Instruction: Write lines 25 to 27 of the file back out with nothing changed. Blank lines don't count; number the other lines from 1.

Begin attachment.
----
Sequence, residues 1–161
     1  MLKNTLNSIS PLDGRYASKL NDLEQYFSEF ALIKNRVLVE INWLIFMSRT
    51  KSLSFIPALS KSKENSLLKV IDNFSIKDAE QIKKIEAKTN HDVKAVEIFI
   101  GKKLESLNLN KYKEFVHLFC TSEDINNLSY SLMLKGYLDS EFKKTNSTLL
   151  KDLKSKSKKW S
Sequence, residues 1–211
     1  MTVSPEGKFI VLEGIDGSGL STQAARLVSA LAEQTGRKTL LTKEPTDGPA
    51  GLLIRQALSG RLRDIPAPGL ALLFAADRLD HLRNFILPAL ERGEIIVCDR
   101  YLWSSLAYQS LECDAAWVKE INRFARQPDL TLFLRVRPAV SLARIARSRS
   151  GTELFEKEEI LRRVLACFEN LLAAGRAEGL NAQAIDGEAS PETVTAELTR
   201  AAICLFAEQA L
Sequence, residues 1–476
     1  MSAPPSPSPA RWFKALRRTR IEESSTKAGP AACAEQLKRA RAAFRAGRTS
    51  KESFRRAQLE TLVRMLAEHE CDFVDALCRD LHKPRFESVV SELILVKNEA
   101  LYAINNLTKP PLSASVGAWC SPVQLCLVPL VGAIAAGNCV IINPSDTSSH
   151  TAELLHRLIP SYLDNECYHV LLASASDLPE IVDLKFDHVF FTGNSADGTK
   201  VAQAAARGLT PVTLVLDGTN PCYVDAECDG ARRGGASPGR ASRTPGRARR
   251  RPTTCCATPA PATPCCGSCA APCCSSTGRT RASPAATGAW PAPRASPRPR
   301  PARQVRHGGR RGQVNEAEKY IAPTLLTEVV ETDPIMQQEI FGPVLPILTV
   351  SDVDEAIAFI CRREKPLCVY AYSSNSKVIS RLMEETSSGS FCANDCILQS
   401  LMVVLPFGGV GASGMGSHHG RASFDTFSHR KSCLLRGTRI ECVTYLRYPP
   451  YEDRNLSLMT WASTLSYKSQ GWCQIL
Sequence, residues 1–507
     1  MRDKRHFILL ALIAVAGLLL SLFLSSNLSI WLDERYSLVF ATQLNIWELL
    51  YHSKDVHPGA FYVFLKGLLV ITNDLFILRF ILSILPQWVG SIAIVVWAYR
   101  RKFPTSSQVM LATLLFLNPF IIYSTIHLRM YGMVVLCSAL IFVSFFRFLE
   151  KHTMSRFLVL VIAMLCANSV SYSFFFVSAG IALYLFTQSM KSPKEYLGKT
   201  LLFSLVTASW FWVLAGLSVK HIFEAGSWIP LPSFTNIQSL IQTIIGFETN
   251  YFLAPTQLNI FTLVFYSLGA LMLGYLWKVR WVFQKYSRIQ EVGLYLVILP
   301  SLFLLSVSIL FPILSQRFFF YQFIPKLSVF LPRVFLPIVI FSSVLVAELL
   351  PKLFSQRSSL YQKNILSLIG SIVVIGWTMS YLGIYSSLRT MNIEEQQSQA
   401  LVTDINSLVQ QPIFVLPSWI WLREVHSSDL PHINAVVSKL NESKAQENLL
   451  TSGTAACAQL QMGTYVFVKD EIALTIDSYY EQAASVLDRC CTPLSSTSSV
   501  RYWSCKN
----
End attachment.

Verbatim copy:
    51  YHSKDVHPGA FYVFLKGLLV ITNDLFILRF ILSILPQWVG SIAIVVWAYR
   101  RKFPTSSQVM LATLLFLNPF IIYSTIHLRM YGMVVLCSAL IFVSFFRFLE
   151  KHTMSRFLVL VIAMLCANSV SYSFFFVSAG IALYLFTQSM KSPKEYLGKT